Fact, Fiction, and Vision
Political philosophy is not a well-defined field. It hovers between political theory and classical philosophy. Few early political thinkers could have anticipated the most pressing political issues of our time: the need to stop global warming; the reduction of nuclear armaments; the rise of inequality between individuals and nations; and the struggle against authoritarianism, particularly when it comes disguised as democracy or as socialism. Here, celebrated philosopher Mario Bunge masterfully integrates socio-political theory into a philosophical exploration of power and resource distribution in the world today.
Bunge contends that even recent political thinkers have generally failed to address the political underpinnings of topical issues. Environmental degradation, gender and race discriminations, participative democracy, nationalism, imperialism, the North-South divide, resource wars, and the industrial-military complex have all largely been bypassed in political thinking. Even connections between poverty and environmental degradation, and between inequality and bad health, have escaped the attention of those who would call themselves political thinkers.
Bunge believes that political philosophers should pay more attention to social indicators, such as the standard index of income inequality and the United Nations human development index. It is pointless to write about redistributive policies unless we have a shared understanding of current wealth distribution. This is, in short, a modern treatise on sociopolitical concerns.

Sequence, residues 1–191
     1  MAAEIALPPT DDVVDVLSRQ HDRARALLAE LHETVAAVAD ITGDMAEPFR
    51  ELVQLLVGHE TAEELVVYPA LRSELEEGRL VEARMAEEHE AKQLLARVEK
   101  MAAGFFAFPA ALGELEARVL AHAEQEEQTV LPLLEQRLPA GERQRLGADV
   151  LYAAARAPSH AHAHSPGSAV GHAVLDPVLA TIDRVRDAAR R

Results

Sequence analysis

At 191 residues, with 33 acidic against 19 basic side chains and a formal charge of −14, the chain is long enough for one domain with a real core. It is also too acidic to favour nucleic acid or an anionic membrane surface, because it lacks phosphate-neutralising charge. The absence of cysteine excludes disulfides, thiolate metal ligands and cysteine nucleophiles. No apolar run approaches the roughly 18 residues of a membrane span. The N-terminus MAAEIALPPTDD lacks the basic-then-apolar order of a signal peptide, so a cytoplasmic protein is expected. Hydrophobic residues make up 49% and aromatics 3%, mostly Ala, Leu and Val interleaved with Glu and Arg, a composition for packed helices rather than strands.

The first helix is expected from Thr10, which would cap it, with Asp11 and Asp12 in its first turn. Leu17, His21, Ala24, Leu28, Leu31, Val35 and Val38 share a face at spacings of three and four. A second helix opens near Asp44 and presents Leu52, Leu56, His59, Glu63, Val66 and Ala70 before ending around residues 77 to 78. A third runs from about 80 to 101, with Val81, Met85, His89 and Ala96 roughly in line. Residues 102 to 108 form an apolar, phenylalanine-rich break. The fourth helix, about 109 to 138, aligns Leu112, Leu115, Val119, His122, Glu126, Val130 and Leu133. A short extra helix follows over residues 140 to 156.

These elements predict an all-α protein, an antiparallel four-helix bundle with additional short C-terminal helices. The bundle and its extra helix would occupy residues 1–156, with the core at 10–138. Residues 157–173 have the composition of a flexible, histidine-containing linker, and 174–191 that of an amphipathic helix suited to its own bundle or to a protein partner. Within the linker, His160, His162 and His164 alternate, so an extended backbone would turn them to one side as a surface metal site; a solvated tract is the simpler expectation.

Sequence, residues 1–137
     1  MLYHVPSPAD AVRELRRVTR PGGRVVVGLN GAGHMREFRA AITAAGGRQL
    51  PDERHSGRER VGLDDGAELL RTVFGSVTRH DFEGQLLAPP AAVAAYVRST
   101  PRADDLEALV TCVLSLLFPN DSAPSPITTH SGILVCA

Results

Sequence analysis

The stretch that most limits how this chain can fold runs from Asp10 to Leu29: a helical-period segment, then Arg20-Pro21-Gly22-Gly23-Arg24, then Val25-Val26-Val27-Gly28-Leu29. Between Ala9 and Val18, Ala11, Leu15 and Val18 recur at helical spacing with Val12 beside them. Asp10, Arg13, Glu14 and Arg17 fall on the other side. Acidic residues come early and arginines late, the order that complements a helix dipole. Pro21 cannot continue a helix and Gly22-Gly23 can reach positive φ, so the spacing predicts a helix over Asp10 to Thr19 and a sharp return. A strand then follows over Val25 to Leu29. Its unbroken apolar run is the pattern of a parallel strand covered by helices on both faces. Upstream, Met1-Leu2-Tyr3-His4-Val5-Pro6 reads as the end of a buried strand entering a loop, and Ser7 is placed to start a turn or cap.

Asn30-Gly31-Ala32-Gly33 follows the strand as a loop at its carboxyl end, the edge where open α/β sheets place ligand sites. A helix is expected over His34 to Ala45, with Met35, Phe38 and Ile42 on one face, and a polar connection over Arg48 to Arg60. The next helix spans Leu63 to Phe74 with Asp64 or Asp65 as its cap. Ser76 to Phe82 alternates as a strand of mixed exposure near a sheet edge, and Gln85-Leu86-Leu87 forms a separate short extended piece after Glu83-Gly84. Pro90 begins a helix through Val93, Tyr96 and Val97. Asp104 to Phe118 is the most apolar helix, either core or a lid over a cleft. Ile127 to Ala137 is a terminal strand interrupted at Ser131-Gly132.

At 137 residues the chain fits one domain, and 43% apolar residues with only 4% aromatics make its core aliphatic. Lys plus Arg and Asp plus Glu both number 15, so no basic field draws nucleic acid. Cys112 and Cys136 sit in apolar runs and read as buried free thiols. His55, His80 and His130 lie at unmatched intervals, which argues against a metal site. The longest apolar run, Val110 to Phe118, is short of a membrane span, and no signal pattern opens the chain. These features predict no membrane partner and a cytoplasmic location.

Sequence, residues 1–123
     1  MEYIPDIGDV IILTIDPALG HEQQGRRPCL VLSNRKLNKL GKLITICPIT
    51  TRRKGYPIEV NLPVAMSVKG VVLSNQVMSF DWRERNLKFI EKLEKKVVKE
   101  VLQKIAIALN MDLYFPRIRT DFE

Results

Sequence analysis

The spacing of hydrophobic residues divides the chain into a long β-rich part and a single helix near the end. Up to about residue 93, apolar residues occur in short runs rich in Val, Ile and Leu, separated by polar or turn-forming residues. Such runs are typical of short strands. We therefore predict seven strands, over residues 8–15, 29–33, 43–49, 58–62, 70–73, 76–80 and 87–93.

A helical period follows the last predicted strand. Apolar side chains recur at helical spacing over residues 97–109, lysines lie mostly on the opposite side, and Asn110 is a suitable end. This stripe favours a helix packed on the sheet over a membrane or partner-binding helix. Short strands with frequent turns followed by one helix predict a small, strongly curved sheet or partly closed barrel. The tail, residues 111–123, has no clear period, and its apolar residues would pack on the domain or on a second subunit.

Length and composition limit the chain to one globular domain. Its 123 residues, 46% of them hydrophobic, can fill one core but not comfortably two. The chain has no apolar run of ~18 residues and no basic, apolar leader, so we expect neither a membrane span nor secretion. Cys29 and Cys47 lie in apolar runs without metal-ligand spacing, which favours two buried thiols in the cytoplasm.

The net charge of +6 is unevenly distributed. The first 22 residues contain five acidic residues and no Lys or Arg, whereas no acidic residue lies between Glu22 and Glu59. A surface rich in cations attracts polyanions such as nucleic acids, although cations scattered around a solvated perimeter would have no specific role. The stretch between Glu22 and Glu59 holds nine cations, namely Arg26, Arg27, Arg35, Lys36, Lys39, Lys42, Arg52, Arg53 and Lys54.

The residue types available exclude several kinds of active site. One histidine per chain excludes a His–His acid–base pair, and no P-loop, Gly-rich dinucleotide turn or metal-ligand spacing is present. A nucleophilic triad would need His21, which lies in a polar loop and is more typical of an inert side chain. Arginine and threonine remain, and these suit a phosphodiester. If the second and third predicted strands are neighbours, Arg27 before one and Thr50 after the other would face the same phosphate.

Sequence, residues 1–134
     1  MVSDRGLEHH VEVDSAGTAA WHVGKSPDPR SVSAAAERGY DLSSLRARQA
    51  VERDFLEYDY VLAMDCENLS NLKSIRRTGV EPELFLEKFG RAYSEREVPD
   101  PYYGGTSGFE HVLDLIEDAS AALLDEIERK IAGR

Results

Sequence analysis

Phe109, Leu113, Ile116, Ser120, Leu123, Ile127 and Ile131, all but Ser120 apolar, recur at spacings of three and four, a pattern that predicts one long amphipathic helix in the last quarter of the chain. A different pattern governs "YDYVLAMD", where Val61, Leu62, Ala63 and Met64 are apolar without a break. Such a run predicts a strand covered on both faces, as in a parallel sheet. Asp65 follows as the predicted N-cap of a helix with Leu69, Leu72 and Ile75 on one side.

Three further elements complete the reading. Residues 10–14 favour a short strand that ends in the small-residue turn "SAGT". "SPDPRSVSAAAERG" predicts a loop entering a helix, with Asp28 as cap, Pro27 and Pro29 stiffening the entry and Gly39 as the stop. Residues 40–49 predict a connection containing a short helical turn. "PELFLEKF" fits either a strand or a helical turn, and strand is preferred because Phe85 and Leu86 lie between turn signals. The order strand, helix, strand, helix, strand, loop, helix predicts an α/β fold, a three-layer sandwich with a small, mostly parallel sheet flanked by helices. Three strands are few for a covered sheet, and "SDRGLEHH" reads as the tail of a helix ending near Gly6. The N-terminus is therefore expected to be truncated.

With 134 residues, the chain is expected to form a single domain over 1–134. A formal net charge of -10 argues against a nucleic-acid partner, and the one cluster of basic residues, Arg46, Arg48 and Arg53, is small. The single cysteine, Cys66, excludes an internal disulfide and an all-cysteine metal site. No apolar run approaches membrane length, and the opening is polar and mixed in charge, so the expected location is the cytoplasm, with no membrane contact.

"Four decades ago, I was inspired by Professor Bunge 's incisive insights on Quantum Theory. Today I am equally inspired by his incisive insights on politics. In his book Political Philosophy, Professor Bunge differentiates between thin, weak, formal democracy and strong, substantial, integral democracy. As he shows through his razor sharp analysis combined with the highest of social sensibility, strong democracy is based on participation, participation involves equality, reinforces cohesion, which in turn favors stability, which strengthens democracy. The alternative is what we have-suicidal economies based on dictatorship, which leads to marginalization, integration, disintegration and instability. Steeped as we are in multiple crises, Professor Bunge's ideas and concepts of an integral democracy have become an imperative for freedom and survival. Every concerned citizen and every concerned leader must read Political Philosophy."
—Vandana Shiva, environmental and social activist
“Political Philosophy is the work of a wise and widely learned scholar who has thought deeply about political issues over many decades. . . . The result is a volume that is at once widely learned and admirably humane.”
—Nicholas Rescher, University of Pittsburgh
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Table of Contents
1. Philosophical Background: Universal Ideas
2. Citizen and Polity: Diversity and Unity
3. Values and Morals: Individual and Social
4. Ideology: Issues and Ideals
5. Contention and Negotiation
6. Public Governance
7. Scientifi c Input to Politics
8. Technological Input to Politics
9. Vision: Integral Democracy
Index of Names
Index of Subjects